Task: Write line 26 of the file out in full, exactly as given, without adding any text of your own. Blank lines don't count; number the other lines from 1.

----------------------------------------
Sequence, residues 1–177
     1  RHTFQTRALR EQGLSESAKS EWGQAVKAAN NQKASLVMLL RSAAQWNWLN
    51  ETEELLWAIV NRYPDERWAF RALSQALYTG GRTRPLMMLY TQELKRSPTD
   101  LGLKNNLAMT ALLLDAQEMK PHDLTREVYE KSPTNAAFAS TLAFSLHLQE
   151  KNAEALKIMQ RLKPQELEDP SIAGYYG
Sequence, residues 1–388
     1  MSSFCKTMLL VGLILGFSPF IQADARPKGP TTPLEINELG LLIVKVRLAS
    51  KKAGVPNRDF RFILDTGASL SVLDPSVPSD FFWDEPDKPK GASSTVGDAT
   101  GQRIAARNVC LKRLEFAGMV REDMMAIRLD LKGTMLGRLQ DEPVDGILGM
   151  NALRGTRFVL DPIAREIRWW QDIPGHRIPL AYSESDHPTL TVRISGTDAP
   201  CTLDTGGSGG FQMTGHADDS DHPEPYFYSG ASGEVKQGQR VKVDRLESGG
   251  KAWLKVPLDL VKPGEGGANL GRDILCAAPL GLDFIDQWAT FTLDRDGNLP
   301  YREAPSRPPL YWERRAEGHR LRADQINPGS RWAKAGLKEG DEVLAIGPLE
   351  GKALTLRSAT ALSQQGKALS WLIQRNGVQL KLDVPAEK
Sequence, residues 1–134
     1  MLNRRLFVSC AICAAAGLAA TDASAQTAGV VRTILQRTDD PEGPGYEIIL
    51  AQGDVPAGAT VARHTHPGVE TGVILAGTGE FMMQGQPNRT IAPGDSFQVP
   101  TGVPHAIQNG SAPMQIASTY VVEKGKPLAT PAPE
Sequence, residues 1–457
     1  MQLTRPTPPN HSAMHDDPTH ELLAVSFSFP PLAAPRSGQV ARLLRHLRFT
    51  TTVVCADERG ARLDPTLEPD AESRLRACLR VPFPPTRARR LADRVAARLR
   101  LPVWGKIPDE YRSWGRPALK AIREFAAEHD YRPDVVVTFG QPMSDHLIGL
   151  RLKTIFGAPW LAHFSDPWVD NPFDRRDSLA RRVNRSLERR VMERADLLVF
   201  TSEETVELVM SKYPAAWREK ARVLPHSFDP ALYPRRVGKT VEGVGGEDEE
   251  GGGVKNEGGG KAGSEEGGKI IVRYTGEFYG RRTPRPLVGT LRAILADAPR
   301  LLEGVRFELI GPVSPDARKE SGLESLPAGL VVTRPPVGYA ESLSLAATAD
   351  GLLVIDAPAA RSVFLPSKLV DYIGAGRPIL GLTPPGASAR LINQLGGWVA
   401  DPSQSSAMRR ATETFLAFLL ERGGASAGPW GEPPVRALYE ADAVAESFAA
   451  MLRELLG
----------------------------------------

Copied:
   301  LLEGVRFELI GPVSPDARKE SGLESLPAGL VVTRPPVGYA ESLSLAATAD